Hypericum perforatum (St. John’S Wort)

Medical Indication

Part of the plant which can be used

  • The aerial part of the plant.

Present in the market

  • Dry extract.
  • Liquid extract.
  • Oil extract.
  • Herbal tea.

Medical Use and Dosage – mode of administration

HYPERICUM PERFORATUM is probably the most popular medicinal plant, and is used to treat mild and moderate depression. It is also used as a spasmolytic, and is improving sleep quality in insomnia and skin healing.
In cases of the treatment of mild to moderate depressive episodes, it can be used in dry extract, and the suggested dosage is 3 times daily.
In dealing with the treatment of mild to moderate depressive episodes, it can be used in liquid extract, and it is suggested to drops. In case of using liquid extract, we should follow the medical description.
In dealing with the short-term treatment of symptoms in mild depressive disorders, it can be used in extract oil, and the suggested dosage is 1-4 ml, 3 times daily. It is also very good in sunburn and bruises, pulmonary complaints, bladder problems, diarrhea.
Also, in dealing with the short-term treatment of symptoms in mild depressive disorders, it can be used in herbal tea, and the suggested dosage is 2 times daily.

For more information see:

Combinations & Contraindications

Hypericum perforatum can be combined with Cimicifuga racemosa.
It should be avoided the consumption of beer, cheese, salted porbeagle, and wine at the same time with Hypericum perforatum preparations. The above may be ingested at a distance of 2 h after administration.
Photoactive hypericin derivatives may induce photosensitivity reactions to prolonged exposure to sunlight or UV radiation. (Blonde individuals should be cautious using Hypericum, even that the therapeutically doses are 30-50 times smaller than the photosensitizing doses).
Data from human studies and case reports indicate that Hypericum decreased the blood concentrations of amitriptyline, cyclosporine, digoxin, fexofenadine, indinavir, methadone, midazolam, nevirapine, phenprocoumon, simvastatin, tacrolimus, theophylline and warfarin, where as it did not alter the pharmacokinetics of carbamazepine, dextromethorphan, mycophenolic acid and pravastatin. Hypericum decreased the plasma concentration of the active metabolite SN-38 in cancer patients receiving irinotecan treatment. Hypericum did not alter the pharmacokinetics of tolbutamide, but increased the incidence of hypoglycaemia. Several cases have been reported that Hypericum decreased cyclosporine blood concentration leading to organ rejection. Hypericum caused breakthrough bleeding and unplanned pregnancies when used concomitantly with oral contraceptives. It also caused serotonin syndrome when coadministered with selective serotonin-reuptake inhibitors (e.g. sertaline and paroxetine).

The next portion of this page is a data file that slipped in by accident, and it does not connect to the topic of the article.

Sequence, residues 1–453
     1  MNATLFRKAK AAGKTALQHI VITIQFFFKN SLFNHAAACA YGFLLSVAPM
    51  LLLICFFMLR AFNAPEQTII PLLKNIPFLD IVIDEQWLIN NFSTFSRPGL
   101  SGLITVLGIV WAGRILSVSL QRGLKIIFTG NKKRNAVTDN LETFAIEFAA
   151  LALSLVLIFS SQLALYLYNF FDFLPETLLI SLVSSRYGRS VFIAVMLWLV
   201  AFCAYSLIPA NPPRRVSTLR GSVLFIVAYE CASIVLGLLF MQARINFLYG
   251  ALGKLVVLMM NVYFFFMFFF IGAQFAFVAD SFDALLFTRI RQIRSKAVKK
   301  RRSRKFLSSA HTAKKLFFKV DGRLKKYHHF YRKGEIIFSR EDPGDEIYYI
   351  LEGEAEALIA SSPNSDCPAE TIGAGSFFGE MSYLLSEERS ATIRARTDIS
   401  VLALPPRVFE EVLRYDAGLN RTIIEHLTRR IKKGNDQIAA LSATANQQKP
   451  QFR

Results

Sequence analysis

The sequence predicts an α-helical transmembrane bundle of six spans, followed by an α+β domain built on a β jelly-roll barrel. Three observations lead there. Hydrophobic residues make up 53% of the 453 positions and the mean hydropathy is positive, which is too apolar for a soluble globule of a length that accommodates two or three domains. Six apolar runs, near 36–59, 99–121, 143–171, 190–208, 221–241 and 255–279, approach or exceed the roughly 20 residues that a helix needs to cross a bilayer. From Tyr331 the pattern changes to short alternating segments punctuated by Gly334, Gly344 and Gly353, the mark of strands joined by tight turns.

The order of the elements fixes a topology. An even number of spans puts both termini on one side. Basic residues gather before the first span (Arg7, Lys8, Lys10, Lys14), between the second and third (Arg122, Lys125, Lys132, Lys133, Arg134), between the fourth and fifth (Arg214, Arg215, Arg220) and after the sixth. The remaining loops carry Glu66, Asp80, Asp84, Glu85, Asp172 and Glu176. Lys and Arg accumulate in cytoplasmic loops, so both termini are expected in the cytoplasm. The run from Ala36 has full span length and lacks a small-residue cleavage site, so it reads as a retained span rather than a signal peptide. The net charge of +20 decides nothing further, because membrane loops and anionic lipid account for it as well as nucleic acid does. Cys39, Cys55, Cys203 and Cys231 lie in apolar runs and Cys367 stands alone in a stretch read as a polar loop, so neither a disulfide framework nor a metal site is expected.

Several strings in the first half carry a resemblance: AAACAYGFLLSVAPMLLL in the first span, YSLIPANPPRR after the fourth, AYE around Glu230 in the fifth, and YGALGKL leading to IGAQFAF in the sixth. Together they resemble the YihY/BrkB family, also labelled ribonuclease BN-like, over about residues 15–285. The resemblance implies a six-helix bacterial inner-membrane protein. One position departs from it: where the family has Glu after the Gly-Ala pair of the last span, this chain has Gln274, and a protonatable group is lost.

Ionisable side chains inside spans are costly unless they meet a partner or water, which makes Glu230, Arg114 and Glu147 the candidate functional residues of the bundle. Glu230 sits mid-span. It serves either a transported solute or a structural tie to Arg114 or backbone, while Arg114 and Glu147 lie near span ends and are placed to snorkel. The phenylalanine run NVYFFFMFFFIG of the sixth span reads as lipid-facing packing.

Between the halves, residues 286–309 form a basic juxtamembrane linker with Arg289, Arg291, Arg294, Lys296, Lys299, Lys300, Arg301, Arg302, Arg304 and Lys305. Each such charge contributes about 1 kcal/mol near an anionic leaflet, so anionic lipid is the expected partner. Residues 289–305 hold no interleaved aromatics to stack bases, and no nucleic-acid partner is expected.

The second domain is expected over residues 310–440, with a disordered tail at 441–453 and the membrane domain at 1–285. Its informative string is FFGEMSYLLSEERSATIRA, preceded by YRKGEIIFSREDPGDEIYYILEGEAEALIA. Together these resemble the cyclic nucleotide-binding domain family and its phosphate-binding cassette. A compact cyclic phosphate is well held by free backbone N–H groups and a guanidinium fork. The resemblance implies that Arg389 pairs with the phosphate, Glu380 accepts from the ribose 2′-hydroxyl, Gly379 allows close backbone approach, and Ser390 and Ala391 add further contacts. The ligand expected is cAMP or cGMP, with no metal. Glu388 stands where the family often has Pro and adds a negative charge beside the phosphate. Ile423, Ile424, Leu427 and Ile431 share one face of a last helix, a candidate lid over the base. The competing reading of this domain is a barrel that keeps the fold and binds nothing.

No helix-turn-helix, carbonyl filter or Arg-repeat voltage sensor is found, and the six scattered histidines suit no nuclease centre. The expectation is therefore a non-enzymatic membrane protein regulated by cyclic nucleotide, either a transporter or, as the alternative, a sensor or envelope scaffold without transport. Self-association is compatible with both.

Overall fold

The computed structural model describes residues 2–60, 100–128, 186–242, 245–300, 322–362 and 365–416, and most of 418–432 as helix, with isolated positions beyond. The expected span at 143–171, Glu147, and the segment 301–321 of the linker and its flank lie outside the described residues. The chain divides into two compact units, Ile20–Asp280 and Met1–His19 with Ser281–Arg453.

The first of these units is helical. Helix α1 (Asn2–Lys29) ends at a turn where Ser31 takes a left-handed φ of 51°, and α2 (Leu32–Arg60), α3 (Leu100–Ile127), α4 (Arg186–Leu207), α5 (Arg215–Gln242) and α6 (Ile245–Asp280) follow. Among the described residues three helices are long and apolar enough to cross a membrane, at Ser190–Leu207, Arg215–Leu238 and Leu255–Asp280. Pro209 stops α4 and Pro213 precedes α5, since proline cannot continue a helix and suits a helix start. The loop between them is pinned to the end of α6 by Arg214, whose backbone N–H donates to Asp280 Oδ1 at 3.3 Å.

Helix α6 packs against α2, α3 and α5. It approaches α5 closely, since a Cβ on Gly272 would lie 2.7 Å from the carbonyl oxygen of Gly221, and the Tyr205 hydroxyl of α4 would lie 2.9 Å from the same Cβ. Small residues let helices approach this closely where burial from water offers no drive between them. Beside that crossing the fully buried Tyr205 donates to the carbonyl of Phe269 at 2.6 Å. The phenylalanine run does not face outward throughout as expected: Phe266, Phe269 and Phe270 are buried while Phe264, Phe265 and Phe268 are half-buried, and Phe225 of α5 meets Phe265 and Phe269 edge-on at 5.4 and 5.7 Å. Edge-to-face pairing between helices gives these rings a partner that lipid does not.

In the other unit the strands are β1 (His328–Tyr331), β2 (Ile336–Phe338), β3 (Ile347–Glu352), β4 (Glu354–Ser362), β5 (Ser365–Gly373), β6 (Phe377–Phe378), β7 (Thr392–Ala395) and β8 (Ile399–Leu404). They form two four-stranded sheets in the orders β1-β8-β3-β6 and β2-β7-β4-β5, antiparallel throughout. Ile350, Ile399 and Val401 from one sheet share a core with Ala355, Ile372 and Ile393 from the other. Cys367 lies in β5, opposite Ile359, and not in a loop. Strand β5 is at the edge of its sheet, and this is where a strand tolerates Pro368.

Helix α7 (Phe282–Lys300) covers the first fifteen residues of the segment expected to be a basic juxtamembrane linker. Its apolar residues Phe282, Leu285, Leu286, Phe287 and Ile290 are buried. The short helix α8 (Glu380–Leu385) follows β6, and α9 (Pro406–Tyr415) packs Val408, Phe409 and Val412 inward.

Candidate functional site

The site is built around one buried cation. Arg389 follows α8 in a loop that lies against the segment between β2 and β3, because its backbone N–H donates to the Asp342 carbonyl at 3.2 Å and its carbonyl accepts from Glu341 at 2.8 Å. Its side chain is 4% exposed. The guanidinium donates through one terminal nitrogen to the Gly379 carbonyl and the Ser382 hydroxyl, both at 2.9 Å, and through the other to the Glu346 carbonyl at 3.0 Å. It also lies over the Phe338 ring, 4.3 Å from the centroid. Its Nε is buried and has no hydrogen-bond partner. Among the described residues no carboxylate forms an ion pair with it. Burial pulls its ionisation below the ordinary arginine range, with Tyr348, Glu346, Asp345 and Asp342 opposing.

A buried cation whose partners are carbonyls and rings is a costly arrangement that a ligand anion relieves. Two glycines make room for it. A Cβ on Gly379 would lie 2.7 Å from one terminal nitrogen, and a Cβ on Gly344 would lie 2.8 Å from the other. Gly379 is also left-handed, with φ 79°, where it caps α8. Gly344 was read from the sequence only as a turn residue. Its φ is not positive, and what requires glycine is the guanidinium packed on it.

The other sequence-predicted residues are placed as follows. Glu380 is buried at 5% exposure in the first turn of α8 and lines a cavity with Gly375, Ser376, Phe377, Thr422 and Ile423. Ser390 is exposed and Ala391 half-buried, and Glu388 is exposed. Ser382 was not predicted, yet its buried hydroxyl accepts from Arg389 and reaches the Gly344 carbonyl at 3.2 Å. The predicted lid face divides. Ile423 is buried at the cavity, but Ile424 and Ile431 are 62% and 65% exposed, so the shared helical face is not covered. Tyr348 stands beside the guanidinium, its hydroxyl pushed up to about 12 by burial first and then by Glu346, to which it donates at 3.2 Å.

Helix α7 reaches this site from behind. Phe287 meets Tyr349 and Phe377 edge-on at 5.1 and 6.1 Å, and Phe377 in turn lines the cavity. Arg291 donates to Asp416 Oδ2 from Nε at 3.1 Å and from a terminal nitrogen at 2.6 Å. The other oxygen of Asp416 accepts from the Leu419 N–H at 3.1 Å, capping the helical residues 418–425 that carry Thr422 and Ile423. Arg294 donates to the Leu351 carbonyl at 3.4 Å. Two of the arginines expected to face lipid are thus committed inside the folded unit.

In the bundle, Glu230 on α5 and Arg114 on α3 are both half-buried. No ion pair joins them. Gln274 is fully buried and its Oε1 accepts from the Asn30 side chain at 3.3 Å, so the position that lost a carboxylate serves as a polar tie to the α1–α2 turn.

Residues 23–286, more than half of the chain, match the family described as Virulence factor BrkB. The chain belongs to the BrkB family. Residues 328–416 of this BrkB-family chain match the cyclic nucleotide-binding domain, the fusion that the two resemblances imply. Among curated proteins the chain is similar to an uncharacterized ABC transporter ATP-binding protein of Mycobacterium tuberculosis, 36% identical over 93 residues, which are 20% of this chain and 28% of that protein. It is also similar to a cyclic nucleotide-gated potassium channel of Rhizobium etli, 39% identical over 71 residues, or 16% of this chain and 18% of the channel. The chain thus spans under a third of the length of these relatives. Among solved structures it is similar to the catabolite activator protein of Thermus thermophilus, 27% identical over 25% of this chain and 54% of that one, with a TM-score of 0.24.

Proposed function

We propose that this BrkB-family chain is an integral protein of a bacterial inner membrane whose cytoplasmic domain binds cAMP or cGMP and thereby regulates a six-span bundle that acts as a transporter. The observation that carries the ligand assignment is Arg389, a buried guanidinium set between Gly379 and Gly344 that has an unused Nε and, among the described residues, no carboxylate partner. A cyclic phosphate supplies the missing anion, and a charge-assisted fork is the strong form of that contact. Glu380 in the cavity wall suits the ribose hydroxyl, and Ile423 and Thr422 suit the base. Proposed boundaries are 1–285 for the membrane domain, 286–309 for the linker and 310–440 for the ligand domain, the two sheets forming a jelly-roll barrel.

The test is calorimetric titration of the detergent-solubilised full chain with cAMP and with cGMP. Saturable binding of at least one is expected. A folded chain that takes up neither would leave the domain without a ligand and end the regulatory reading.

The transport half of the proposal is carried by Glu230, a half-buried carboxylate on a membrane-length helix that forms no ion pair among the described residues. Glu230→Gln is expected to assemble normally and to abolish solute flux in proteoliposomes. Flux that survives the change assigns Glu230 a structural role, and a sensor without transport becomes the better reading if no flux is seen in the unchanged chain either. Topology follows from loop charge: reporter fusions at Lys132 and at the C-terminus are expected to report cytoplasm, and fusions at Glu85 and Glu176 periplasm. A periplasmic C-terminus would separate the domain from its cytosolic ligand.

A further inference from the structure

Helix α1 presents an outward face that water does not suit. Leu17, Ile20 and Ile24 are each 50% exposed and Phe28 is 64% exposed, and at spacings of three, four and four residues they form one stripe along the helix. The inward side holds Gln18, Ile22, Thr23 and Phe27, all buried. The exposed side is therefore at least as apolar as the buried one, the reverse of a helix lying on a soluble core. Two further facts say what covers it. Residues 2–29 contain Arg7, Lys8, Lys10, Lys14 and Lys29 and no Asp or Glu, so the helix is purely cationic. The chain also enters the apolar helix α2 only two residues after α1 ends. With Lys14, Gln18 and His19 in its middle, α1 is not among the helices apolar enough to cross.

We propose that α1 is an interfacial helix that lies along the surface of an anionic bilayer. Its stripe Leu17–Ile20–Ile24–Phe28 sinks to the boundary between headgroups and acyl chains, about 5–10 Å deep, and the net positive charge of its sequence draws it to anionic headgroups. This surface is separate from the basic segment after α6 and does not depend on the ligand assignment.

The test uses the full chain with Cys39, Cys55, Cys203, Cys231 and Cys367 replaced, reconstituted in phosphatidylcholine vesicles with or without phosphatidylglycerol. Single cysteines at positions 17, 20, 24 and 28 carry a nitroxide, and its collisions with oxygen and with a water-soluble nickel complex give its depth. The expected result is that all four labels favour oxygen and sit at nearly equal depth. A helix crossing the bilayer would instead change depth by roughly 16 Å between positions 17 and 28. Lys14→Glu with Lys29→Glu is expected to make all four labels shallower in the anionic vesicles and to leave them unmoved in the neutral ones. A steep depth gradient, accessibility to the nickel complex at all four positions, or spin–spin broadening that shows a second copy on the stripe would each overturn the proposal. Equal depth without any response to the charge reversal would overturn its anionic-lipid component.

Several case reports document psychotic adverse reactions like mania and psychosis. The majority of the affected persons had histories of affected illness, in most cases Hypericum was combined with other psychopharmaceuticals. The symptoms remitted after discontinuation of the medication. As a precaution Hypericum extracts should not be taken by persons with a history of mania or psychosis. Seizures are reported after overdose only.
There is data suggesting that Hypericum preparation used should be discarded at least 10 days prior to surgery.
Hypericum is contraindicated in pregnancy (uterotonic activity in experimental animals was observed) and lactation (it inhibits pituitary prolactin secretion).

Recognized Ethnobotanical use

Hypericum is used in order to ‘strengthen the nerves’ and to restore emotional balance.

Dissemination & Use